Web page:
Pet therapy without the pet
Oncologists at UC Irvine Medical Center study whether an interactive therapy robot can benefit women receiving chemotherapy.
As therapy animals go, the new players at UC Irvine Medical Center are decidedly low maintenance. They don’t eat much, obey commands without question and are hypoallergenic to boot.
Oncologists there are pairing robotic baby harp seals with women receiving chemotherapy to study whether the cuddly mechanical creatures can ease their pain and stress.
“Quality of life is a very important predictor of survival in ovarian cancer,” says Dr. Krishnansu Tewari, a gynecologic oncologist at UC Irvine and the study’s primary investigator. “The theory is that patients who have a good quality of life have a stronger immune system, and a stronger immune system lets you fight the cancer better.”
Researchers plan to enroll 100 women during the yearlong study. Some will read, rest, play video games or watch TV during chemotherapy treatments, while others will be selected to interact with one of four robots the manufacturer donated for the study. Research coordinator Anita Wallick will survey both groups’ anxiety, mood and pain levels for comparison.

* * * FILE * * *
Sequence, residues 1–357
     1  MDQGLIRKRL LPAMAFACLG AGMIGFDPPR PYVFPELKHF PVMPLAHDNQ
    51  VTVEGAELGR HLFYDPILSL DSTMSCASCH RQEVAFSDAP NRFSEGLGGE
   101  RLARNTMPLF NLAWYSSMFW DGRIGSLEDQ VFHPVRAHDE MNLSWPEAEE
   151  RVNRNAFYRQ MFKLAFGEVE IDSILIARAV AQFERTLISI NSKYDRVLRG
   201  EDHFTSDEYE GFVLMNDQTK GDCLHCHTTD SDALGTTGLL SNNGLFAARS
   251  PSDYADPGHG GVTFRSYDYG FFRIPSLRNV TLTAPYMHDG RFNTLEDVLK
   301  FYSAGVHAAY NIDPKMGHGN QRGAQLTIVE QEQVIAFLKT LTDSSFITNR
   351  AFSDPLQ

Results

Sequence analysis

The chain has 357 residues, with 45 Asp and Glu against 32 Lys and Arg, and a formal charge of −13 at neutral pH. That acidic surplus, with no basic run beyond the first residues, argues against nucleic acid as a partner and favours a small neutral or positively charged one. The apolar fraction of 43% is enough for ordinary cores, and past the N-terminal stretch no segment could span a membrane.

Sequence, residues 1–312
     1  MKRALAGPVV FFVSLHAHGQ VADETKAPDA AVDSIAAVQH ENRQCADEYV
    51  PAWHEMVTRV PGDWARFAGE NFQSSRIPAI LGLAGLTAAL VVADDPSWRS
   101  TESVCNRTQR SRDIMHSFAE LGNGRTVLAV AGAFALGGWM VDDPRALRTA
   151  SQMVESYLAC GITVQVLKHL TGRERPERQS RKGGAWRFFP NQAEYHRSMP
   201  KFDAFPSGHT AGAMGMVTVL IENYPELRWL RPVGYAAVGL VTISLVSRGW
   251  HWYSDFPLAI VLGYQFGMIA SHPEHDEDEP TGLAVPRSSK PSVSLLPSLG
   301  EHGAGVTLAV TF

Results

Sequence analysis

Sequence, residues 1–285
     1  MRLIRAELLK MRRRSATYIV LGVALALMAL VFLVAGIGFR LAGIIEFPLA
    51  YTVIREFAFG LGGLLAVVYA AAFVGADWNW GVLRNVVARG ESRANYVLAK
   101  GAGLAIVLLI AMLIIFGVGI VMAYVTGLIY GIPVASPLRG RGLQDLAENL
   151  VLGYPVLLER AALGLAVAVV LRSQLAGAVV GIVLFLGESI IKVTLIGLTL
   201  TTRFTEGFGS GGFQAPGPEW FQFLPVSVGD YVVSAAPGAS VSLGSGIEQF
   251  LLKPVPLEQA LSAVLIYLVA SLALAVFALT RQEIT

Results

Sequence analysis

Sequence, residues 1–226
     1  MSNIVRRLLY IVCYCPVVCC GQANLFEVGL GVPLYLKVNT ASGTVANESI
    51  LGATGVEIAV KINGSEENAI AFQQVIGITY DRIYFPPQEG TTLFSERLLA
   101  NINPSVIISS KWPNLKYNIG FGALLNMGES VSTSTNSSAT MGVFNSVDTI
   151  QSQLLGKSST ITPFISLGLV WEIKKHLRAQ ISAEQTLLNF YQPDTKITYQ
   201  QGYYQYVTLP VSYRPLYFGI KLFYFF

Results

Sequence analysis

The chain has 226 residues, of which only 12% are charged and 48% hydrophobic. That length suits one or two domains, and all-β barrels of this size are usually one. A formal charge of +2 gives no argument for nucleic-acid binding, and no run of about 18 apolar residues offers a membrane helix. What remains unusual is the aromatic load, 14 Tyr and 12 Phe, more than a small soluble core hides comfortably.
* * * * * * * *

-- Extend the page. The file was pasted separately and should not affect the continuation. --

According to gynecologic oncology fellow Dr. Ramez Eskander, the goal is to find new ways to improve what the National Cancer Institute calls complementary therapies – those that enhance or support conventional clinical treatment.
Kirsten Osgood is sold. The first patient enrolled in the trial, she recently underwent a grueling 7½-hour chemotherapy session that included a blood transfusion. “Paro” kept her company and, she says, reduced her anxiety.
“It’s very cute,” says Osgood, 70, who was diagnosed with Stage 3c ovarian cancer in September 2009. Since then, she has endured two lengthy operations to remove the tumor and nearby organs and lymph nodes and more than two dozen rounds of chemotherapy.
“It was really very comforting,” Osgood says of the robot. “The chemo can sometimes be stressful, but the seal made the time fly.” She says Paro’s flippers flapped with excitement in response to her voice. At other times, the creature put its head down and made purring sounds.
Kirsten’s husband Roger accompanies her to every chemo treatment and says such sessions usually leave her exhausted.
“I could see the difference with the robot, she seems less stressed and tired,” he says. “We’ve been married 48 years and she’s still the bravest girl I’ve ever known.”
The idea that animals can assist in emotional and physical healing has been around for decades. A well-known 1980 study suggested that people with coronary heart disease who owned pets lived longer than those without pets. A 1988 study found that a subject’s blood pressure was lowest when petting a dog. Another concluded that patients of a pain management clinic who were exposed to therapy dogsexperienced less pain and showed improvements in mood and feelings of well-being.
Not everyone can tolerate a real, live animal – some people are allergic, Eskander notes.
“In a chemotherapy infusion center, we’re already dealing with individuals whose immune system is compromised,” he says, adding that patients may also be wary of having an animal so close to the maze of tubes conveying the chemo drugs.